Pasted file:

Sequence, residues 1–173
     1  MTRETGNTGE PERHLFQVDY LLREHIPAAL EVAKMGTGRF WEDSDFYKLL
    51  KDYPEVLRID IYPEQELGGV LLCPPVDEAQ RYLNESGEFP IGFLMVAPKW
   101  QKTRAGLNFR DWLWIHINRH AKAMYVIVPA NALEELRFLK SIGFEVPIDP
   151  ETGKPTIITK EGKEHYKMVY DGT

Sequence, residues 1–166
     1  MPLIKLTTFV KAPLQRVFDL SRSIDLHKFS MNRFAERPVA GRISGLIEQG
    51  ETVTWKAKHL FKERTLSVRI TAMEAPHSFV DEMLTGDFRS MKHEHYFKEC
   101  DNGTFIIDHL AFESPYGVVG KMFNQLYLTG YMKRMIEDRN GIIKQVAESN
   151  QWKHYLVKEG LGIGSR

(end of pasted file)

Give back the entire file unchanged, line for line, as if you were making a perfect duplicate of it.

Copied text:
Sequence, residues 1–173
     1  MTRETGNTGE PERHLFQVDY LLREHIPAAL EVAKMGTGRF WEDSDFYKLL
    51  KDYPEVLRID IYPEQELGGV LLCPPVDEAQ RYLNESGEFP IGFLMVAPKW
   101  QKTRAGLNFR DWLWIHINRH AKAMYVIVPA NALEELRFLK SIGFEVPIDP
   151  ETGKPTIITK EGKEHYKMVY DGT

Sequence, residues 1–166
     1  MPLIKLTTFV KAPLQRVFDL SRSIDLHKFS MNRFAERPVA GRISGLIEQG
    51  ETVTWKAKHL FKERTLSVRI TAMEAPHSFV DEMLTGDFRS MKHEHYFKEC
   101  DNGTFIIDHL AFESPYGVVG KMFNQLYLTG YMKRMIEDRN GIIKQVAESN
   151  QWKHYLVKEG LGIGSR